The liquid container 10 is shown as a bottle, and may be of any usual type, such as is usually .associated with medicine droppers, with its neck provided with the usual screw-threads 11 and terminating in a ilat mouth 12.
A screw-cap 13 is internally threaded to cooperate with the threads 11 of the bottle-neck, and its upper end is provided with a central opening 15 therethrough, thus leaving at the upper (Cl. 12S-233) end of the cap an inwardly projecting annular flange 14.
A resilient member is loosely mounted in this opening 15, so that it is movable fairly freely with respect to the cap 13. rIhis resilient member may be and desirably is a compressible rubber bulb 16, as in Figs. 1, 2, 3, 4, 5, and 6; butl it may be a solid-rubber member 17, as in Fig.
7. If it is a compressible rubber bulb 16, it carries the usual medicine-dropper tube 18; as by 65 being provided with an internal circumferential groove 19 in which an out-turned flange 20 on the upper end of the tube 18 flts. If it is a solid-rubber member 17, as in Fig. '7, it has a rod 21 xed in it, to serve as an applicator in the 7G usual manner. The medicine-dropper tube 18 and the applicator rod 21 are usually of glass, but not necessarily so.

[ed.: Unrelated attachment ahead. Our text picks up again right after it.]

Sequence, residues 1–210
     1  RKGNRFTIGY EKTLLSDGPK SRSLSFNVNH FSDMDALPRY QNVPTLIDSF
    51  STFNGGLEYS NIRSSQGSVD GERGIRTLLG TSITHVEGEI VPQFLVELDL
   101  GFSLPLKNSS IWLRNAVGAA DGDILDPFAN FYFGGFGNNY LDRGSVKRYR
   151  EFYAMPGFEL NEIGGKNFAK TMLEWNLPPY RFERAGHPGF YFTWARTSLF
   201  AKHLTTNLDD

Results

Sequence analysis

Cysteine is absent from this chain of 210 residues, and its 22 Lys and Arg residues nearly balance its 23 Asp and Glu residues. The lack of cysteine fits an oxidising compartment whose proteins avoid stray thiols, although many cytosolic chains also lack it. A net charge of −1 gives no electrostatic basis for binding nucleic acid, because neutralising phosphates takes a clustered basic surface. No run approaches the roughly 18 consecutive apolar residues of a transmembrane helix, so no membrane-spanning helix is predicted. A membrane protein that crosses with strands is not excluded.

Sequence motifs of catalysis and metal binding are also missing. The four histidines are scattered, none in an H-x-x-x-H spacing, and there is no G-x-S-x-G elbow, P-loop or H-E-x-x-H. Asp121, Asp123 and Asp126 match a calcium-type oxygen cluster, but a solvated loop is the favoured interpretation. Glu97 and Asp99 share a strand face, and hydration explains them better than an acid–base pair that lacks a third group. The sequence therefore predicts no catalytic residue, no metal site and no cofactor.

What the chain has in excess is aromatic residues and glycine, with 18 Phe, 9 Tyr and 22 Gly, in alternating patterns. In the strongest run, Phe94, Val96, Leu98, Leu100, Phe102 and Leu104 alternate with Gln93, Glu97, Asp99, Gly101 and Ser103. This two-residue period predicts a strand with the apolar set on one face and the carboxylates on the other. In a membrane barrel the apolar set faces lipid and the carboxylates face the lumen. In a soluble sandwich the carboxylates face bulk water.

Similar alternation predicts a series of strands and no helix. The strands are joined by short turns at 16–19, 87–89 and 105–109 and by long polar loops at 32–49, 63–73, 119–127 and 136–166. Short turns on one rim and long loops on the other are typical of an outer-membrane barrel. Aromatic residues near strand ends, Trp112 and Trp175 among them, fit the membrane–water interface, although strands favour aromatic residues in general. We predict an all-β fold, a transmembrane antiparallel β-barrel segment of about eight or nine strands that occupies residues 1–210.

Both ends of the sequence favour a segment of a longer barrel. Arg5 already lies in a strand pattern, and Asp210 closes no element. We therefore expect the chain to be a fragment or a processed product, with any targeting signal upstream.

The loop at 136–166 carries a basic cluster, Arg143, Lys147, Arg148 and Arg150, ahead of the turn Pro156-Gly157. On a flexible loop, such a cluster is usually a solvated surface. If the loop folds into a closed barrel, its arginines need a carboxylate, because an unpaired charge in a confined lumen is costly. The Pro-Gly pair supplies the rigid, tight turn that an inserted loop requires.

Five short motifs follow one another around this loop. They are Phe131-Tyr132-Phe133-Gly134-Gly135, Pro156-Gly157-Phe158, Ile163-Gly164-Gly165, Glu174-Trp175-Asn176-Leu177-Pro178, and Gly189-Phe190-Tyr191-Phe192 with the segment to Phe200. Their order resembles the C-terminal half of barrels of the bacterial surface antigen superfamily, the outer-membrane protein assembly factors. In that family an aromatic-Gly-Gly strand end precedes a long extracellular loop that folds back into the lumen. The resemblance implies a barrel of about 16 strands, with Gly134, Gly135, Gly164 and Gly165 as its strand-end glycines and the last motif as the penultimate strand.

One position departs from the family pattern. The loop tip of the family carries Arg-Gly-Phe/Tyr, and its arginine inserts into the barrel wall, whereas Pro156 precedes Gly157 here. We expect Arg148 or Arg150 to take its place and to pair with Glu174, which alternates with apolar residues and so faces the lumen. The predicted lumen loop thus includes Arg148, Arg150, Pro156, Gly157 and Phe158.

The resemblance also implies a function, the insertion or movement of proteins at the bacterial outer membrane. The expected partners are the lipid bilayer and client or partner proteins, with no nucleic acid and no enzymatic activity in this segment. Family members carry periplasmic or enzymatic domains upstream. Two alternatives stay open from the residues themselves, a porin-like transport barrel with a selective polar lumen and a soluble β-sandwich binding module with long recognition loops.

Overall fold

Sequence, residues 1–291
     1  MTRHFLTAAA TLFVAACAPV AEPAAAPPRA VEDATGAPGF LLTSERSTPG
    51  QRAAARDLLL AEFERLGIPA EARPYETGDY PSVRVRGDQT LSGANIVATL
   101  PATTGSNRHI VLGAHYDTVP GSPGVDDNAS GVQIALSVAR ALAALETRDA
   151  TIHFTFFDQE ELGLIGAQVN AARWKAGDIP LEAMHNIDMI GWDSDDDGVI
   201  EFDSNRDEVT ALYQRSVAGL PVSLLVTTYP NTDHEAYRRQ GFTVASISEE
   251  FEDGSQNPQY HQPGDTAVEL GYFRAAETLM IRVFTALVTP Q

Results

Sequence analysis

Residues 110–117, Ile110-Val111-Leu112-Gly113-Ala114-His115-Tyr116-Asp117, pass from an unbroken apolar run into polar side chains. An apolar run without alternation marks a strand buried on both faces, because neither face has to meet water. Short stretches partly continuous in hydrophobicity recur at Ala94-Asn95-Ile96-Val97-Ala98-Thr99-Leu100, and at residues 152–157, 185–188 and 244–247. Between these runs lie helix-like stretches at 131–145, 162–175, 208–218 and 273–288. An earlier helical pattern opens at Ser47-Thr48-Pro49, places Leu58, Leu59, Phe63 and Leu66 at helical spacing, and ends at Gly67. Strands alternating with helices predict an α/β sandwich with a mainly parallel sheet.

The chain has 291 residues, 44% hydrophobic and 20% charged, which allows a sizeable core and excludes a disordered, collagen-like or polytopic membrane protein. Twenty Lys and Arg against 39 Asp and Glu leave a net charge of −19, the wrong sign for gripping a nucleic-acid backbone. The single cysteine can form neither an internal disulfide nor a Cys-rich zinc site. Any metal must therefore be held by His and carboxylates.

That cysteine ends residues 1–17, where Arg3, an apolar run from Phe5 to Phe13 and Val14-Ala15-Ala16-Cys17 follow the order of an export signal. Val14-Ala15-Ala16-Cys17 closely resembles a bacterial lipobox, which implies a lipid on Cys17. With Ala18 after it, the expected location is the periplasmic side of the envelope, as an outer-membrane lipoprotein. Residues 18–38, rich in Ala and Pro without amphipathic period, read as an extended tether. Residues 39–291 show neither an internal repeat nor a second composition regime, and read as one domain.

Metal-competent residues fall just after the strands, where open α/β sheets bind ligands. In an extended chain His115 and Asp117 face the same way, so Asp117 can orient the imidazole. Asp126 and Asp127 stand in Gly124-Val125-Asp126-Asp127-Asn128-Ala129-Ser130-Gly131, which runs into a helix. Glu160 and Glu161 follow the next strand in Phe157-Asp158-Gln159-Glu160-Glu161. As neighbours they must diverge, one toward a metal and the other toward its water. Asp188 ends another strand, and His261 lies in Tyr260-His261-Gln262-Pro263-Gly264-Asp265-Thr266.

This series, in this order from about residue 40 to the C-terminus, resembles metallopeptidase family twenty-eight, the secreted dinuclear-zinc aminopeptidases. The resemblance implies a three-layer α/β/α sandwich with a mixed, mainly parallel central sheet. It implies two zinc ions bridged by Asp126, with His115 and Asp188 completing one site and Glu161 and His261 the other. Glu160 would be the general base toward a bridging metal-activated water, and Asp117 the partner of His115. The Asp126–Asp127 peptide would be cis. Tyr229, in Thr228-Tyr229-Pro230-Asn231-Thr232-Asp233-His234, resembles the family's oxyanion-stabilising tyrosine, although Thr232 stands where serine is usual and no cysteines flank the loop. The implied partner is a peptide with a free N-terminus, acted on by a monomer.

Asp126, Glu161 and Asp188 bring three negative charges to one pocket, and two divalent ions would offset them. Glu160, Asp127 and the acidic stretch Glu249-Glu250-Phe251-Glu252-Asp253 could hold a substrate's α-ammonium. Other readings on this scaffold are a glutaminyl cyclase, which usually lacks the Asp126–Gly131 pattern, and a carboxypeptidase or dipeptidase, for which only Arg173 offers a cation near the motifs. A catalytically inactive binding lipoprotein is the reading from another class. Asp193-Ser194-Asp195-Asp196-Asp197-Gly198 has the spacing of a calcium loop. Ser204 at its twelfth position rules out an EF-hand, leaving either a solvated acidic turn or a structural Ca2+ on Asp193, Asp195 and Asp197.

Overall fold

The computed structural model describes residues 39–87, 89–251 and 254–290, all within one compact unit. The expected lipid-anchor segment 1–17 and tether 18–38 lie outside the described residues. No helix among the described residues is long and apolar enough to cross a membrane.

In either instance, whether the resilient member is a compressible bulb 16 or a solid-rubber 'g5 member 17, it has an outwardly extending ange 25 which .underlies the inwardly projecting flange 14 of the cap, and an outwardly extending series of projections 26 which overlies such flange 14. The space between the flange 25 and the series 3g of projections l26 is somewhat greater than the thickness of the flange 14, and the bulb 16 or solid-rubber member 1'7 is of smaller diameter between the ange 25 and such projection 16 than is the opening 15; so that the resilient memg5 ber and the screw-cap 13 have a limited movement with respect to each other in all direc` tions-axially, transversely, and tiltably. Yet the cap 13 and the medicine dropper or applicator are held from falling apart, so thatthey may be removed and put back in place as a unit.
When the screw-cap 13 is screwed in place on the bottle, the flange 14 of the screw-cap presses down on the flange 25 of the resilient member 16 or 17, and presses such flange 25 against the 95 at mouth 12 of the bottle, to form an effective seal. In this action, the resilient member and the screw-cap automatically adjust themselves to each other and to the bottle-top as may be necessary to produce such sealing action.